For the first time, a New Hampshire jury has disregarded a medical malpractice screening panel’s unanimous finding of no fault, ruling in favor of the plaintiff against a cardiologist sued for thrice failing to diagnose a lesion on his 36-year-old patient’s heart. The patient died of heart disease shortly after his last visit to the cardiologist, and an autopsy showed that the lesion had likely been there for months prior to his seeing the cardiologist. The patient’s estate sued the cardiologist, alleging the proper tests were never performed. New Hampshire law has required all medical liability claims to first be vetted by a medical malpractice screening panel since 2005. At least 16 states have similar laws requiring medical liability lawsuits to first be screened by a malpractice panel.
When New Hampshire instituted medical liability lawsuit screening panels, lawmakers praised the new system as an effective way to reduce the number of frivolous medical malpractice lawsuits in the state’s overburdened court system, deflate the overall costs associated with malpractice trials and contain the rising cost of medical professional liability insurance in the state. Critics of the malpractice screening panel argue that the process only increases the costs and overall time required for litigation of medical injuries. They say that the screening panel process also places significant administrative burdens and costs on state court systems.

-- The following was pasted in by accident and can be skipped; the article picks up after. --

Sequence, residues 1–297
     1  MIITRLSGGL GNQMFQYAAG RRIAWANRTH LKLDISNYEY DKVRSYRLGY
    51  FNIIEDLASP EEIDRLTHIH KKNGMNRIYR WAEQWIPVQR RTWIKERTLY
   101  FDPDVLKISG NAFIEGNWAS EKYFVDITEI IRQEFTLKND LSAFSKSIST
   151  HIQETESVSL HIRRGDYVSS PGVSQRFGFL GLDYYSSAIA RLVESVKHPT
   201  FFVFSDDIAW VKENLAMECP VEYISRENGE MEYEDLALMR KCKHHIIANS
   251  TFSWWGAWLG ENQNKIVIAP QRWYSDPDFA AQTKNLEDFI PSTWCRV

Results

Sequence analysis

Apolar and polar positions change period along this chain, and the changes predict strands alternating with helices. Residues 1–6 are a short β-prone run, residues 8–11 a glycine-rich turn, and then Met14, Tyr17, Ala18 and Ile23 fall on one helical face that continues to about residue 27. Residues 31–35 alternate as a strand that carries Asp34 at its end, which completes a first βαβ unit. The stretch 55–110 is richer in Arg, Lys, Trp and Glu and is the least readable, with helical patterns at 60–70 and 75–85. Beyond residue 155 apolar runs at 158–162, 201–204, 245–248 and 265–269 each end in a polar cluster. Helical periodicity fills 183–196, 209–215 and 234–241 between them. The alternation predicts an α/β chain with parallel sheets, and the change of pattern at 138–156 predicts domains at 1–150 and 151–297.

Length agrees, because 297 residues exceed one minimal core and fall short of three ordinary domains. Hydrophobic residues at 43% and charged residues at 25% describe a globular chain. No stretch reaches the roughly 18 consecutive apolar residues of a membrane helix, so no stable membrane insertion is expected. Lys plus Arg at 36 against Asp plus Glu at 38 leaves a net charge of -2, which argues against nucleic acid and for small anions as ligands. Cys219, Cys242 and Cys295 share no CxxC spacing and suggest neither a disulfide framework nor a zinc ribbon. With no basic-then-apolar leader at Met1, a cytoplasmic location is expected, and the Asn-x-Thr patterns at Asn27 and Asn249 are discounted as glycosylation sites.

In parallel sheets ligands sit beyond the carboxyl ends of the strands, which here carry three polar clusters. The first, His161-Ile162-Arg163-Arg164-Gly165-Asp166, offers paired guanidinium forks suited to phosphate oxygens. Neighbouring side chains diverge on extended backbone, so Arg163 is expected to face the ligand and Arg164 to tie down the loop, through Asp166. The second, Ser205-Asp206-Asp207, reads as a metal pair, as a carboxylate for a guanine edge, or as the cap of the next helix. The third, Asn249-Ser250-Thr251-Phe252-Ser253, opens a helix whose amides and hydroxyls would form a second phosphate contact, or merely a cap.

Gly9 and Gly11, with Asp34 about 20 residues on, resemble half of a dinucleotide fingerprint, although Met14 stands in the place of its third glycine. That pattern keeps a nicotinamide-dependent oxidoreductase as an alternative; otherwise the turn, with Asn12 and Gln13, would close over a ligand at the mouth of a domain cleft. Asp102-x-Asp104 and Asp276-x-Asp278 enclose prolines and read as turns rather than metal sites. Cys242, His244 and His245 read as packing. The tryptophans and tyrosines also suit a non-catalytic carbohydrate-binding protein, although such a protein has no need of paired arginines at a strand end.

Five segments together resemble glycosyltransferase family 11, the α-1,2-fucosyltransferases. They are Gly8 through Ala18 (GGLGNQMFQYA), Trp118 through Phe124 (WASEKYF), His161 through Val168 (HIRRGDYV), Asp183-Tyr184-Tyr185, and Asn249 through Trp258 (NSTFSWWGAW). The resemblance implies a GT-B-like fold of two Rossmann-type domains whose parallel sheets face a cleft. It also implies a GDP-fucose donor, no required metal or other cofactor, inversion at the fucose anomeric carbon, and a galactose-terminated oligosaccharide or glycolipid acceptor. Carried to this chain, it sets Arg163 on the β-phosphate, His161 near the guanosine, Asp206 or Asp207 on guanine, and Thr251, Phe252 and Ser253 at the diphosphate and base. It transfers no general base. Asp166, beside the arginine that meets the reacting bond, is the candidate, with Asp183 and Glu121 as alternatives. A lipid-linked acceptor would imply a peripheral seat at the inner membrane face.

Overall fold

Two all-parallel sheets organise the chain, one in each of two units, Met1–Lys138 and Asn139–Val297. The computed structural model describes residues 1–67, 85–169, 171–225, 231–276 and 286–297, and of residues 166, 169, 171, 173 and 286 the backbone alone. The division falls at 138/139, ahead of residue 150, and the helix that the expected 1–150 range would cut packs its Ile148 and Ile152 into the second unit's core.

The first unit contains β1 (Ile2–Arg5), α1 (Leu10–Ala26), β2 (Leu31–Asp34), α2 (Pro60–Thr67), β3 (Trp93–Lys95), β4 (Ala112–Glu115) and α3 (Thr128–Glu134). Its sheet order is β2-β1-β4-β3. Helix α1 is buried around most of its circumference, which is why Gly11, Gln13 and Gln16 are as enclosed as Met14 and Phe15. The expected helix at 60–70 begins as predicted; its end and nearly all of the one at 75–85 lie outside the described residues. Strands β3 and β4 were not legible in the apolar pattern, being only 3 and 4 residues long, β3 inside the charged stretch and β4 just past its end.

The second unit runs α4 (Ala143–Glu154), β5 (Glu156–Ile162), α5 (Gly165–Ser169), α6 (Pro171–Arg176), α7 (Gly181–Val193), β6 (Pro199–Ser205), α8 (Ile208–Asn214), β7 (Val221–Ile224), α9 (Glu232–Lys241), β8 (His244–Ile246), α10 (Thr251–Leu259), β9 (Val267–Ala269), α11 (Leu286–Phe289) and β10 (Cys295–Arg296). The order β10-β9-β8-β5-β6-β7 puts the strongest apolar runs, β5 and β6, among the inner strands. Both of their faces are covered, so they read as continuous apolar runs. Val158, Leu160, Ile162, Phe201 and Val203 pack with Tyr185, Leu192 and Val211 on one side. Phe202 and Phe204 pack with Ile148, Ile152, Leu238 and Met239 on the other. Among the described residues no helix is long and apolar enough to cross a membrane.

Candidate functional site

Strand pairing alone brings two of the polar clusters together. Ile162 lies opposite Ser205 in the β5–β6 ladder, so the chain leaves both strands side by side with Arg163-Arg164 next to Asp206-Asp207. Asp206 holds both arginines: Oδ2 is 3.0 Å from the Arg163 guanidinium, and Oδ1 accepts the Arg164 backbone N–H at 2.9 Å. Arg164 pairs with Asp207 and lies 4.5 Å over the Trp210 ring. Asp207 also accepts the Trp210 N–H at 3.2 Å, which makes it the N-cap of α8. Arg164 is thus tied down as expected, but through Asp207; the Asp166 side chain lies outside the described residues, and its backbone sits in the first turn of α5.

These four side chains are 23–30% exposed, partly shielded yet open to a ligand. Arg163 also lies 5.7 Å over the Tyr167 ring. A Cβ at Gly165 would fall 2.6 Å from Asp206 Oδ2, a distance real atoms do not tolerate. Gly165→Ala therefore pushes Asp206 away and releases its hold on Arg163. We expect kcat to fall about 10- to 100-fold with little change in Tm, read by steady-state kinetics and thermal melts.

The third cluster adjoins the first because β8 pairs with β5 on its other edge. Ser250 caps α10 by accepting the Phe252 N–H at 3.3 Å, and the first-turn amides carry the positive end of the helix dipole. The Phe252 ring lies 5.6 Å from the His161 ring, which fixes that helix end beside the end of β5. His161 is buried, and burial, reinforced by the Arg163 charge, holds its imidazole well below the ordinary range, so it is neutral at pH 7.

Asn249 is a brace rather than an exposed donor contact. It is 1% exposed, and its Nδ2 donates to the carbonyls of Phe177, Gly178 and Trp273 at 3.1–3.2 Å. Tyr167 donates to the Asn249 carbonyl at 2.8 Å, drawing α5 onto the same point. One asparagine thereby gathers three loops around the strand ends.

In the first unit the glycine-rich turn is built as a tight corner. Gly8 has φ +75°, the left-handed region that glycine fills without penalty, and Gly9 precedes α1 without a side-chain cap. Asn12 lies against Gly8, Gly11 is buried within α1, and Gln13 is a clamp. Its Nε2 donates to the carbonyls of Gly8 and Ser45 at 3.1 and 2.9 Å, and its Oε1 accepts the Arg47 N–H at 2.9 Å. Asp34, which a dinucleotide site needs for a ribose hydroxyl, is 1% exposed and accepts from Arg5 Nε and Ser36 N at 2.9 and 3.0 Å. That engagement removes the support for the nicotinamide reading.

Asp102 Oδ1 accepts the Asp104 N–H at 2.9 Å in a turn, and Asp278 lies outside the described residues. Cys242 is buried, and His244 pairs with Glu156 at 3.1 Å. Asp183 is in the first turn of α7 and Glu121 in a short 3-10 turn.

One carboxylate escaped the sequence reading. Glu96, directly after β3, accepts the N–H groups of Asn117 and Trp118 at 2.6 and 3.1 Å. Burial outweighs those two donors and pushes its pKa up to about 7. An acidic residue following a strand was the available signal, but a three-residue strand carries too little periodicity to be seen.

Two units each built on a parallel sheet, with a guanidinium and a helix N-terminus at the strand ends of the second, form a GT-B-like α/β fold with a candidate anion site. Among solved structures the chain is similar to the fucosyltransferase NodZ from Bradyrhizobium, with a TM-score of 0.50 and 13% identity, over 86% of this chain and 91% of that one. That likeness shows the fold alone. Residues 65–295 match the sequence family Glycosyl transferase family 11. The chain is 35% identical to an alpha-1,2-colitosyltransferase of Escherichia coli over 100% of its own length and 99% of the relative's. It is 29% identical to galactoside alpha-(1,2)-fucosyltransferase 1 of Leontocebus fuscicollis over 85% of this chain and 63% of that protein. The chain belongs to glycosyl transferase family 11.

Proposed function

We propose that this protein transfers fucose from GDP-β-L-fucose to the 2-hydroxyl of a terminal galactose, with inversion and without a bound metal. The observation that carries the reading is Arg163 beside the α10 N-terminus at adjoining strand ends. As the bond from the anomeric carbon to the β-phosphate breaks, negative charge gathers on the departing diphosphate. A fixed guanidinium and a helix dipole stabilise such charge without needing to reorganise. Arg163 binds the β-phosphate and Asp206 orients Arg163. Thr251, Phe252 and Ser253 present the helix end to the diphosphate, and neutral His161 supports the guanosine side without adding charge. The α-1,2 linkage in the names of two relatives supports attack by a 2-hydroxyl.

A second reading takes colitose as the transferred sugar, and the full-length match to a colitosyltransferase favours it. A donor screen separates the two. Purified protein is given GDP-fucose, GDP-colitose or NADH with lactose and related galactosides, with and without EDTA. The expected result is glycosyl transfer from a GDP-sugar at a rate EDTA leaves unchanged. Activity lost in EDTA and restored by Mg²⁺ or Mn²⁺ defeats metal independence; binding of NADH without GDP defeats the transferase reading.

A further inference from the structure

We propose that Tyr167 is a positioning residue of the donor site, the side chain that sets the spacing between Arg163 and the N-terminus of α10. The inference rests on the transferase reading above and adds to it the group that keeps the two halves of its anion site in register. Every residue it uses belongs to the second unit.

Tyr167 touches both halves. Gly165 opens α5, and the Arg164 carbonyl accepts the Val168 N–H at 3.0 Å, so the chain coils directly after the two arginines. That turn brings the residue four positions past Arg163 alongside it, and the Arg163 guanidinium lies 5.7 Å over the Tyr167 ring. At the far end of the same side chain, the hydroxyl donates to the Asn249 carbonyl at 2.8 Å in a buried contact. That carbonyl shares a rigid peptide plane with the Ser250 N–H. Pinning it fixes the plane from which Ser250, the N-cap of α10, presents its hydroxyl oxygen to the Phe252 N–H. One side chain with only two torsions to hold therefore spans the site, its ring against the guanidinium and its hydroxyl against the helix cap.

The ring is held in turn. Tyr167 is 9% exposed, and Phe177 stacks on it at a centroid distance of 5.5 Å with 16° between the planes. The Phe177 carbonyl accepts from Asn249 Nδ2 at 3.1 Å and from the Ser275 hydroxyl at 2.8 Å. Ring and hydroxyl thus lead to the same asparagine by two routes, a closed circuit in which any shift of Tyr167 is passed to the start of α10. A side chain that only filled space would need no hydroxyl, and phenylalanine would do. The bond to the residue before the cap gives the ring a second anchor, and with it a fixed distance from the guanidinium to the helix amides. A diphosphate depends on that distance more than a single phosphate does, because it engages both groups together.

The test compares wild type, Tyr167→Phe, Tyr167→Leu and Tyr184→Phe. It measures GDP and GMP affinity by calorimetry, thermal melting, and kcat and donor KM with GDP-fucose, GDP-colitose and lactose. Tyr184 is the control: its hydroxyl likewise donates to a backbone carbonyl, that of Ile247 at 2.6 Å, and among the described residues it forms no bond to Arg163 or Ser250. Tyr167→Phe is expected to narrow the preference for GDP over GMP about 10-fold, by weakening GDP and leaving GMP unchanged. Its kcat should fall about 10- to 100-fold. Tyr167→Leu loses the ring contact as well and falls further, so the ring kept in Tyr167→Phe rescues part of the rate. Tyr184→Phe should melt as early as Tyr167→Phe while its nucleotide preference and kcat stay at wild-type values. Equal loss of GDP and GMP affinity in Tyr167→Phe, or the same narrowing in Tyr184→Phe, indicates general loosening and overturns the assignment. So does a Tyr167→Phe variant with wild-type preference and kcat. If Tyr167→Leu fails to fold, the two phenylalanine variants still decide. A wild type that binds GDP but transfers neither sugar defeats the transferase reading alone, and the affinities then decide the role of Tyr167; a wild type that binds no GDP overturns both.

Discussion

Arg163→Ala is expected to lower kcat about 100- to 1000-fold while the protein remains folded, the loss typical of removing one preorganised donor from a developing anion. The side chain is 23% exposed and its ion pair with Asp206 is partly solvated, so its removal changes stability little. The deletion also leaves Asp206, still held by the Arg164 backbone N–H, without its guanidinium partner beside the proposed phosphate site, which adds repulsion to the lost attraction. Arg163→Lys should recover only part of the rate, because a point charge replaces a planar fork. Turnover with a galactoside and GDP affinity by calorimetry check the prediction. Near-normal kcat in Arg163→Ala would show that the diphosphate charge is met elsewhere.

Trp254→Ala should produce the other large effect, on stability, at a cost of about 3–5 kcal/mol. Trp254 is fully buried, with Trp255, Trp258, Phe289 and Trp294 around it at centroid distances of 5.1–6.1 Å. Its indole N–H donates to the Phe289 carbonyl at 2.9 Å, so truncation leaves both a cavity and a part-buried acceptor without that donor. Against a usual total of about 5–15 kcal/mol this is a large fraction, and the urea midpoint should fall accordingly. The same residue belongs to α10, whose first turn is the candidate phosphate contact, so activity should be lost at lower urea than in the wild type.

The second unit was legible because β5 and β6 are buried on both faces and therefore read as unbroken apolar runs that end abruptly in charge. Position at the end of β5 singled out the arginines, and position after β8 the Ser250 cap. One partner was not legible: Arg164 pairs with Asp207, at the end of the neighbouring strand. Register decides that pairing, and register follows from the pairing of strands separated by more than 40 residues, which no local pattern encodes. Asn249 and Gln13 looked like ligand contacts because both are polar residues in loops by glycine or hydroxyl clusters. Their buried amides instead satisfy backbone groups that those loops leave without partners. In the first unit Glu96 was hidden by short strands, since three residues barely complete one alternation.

Comprised of a retired judge, a lawyer and a healthcare professional, the three-person panel reviews all medical malpractice lawsuits prior to their going to trial, making a judgment as to the merit of the case. The judgment is non-binding, and plaintiffs can still seek a trial independent of the panel’s finding, but the process is intended to promote out-of-court settlements. Unanimous panel findings, as in the case of the deceased 36-year-old, are presented to the jury if the lawsuit proceeds to trial. Until now, the jury has always sided with the panel’s unanimous decisions.
The New Hampshire jury awarded the 36-year-old plaintiff’s estate $1.5 million.